My regular phone’s an LG G Flex 2, so I’m swapping one LG for another. And when I pick up my new LG G4c, it feels reassuringly familiar. It’s got a slight curve to it (very LG) and I like the look of the dimpled, metallic grey plastic back – similar to the non-leather version of the premium LG G4.
Being an LG phone, the volume and power buttons are located on the back, which is what I’m used to on my G Flex 2. Is the fact that I’m not going to have to relearn how to use side buttons a plus point? Yes. I’m pretty easy to please.
I’m not a fan of super-thin lightweight phones, so this robust LG G4c is going to suit me fine. It feels comfortable to hold, with a nice weight to it. Plus, because of its relatively small size, it fits in my pocket more easily than my larger G Flex 2.
I’m used to LG’s crisp, clean interface and it’s nice to see it here on the G4c. And because the phone’s running Android Lollipop 5.0, Google’s latest operating system, everything seems quick and responsive. Swiping between menus and apps seems to happen instantaneously, with no lag.
Talking of responsiveness, LG has used some nifty technology to put touch sensors directly onto the LCD panel rather than on an extra touch-sensitive layer.
Does this make a difference? I think so. As well as being responsive, the G4c always felt really accurate to the touch. Despite typing on a smaller phone keyboard than I’m used to, I made no more mistakes than usual. Less, probably.
Lights, camera, action
The G4c has an 8 megapixel camera, and I was able to take some pretty decent pics with it. I took the same photos of the mess my kids made in the garden with both my G4c and G Flex 2 – unfair I know – and here are the results.
The G Flex 2 pictures had greater detail and more accurate colour representation, but I don’t think the G4c was too far behind. See what you think:
I also tested the G4c’s video in the same way, by comparing exactly the same footage that I shot on my G Flex 2 – again, unfair I know – but here’s the thing. The G4c’s video was much better…
The video I shot was a slow walk around my garden, on a late sunny afternoon. The G4c coped better with moving between shadows and into sunlight, with less glare. Now, I know the G Flex 2’s video is better quality than the G4c, and perhaps this was merely some kind of fluke… but on this occasion, the G4c certainly got the better of its premium stable-mate.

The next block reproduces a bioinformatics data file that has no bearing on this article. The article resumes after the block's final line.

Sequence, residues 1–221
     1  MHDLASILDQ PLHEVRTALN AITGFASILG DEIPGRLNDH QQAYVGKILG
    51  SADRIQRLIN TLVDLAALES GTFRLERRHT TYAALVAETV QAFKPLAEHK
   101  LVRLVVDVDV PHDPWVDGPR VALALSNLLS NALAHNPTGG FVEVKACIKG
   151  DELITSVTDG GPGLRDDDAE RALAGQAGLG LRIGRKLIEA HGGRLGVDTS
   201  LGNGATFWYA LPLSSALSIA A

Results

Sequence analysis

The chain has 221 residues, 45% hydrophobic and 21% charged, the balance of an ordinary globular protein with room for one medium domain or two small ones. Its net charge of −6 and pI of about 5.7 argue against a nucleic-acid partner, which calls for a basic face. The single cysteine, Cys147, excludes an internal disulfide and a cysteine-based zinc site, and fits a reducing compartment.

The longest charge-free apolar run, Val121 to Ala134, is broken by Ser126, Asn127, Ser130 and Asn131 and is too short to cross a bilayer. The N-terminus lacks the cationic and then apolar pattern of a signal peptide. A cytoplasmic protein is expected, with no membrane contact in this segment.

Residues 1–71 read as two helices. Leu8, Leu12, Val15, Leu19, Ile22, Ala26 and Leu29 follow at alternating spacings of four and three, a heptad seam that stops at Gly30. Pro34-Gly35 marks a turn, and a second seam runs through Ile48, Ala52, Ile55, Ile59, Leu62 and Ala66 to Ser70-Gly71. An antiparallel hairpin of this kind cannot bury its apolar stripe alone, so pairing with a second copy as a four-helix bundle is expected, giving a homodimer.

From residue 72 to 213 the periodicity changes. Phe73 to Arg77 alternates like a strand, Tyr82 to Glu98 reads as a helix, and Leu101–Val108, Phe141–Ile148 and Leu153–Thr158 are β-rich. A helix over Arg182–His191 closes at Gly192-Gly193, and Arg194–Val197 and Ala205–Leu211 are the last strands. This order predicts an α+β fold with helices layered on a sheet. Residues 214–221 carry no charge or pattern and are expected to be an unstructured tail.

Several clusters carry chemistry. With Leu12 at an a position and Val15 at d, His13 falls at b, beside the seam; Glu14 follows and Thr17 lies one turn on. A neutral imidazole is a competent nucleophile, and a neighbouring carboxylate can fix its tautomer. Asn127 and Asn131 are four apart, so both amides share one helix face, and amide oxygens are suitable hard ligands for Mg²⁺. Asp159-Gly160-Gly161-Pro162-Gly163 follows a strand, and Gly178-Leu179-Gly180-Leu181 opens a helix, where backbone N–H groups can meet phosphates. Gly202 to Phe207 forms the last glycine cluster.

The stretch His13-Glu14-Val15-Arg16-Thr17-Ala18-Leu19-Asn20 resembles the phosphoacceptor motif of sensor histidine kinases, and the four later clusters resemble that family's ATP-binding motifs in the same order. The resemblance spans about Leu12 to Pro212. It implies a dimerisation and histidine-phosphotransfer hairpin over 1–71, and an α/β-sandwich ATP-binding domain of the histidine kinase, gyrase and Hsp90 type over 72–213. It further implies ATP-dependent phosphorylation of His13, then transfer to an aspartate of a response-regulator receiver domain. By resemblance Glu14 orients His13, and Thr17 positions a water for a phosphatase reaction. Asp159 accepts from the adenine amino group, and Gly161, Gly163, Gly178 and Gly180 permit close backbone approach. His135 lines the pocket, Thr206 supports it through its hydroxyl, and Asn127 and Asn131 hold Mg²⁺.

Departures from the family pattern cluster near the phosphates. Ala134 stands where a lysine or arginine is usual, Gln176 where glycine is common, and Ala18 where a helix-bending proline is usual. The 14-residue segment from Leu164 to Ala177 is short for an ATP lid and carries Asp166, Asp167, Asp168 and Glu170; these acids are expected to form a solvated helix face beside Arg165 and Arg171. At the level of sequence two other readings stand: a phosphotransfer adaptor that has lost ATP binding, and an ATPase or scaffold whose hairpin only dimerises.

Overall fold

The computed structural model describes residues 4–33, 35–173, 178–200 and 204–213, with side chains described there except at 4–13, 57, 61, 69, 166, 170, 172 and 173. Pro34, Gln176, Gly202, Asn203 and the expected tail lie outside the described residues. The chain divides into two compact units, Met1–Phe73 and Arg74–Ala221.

It was time to settle down and see if the G4c had the quality to keep me entertained.
I fired up Spotify and put on some banging tunes (okay, it was Ed Sheeran). At full volume, the speakers pumped out Sheeran’s woeful tale of his doomed relationship with Ellie Goulding with crystal clear clarity. It wasn’t too loud, but it sounded spot on.
I then enjoyed an hour of arty, avant-garde film on Netflix (got me again, it was two episodes of The Unbreakable Kimmy Schmidt) and the picture quality and sound were fine.
We’re not talking premium smartphone screen quality here, but the G4c’s 5-inch HD display is certainly good enough for a spot of home entertainment.
I couldn’t resist a session of Plants vs Zombies to round the evening off. This game involves a lot of nimble and dexterous finger tapping, and the G4c’s accuracy and responsiveness that I mentioned earlier came into its own here. The zombies never knew what hit them.
My week with the G4c left me with the clear impression that this is a mid-range smartphone well worth the money.
It’s not just the price that makes the G4c such an attractive choice. I found myself getting used to its smaller size, and liked the fact that I could use it easily with one hand. Battery life was a big plus too – even with some fairly heavy use and an extended bout of gaming and video-watching, it lasted well over a day before I needed to think about charging it again.
I’ve got my G Flex 2 back now, and it’s great to be reacquainted with it. But I had a good week with the G4c - it was no budget lightweight, that’s for sure.
If you’re the proud owner of an LG G4c, what do you think of it? Share your comments below.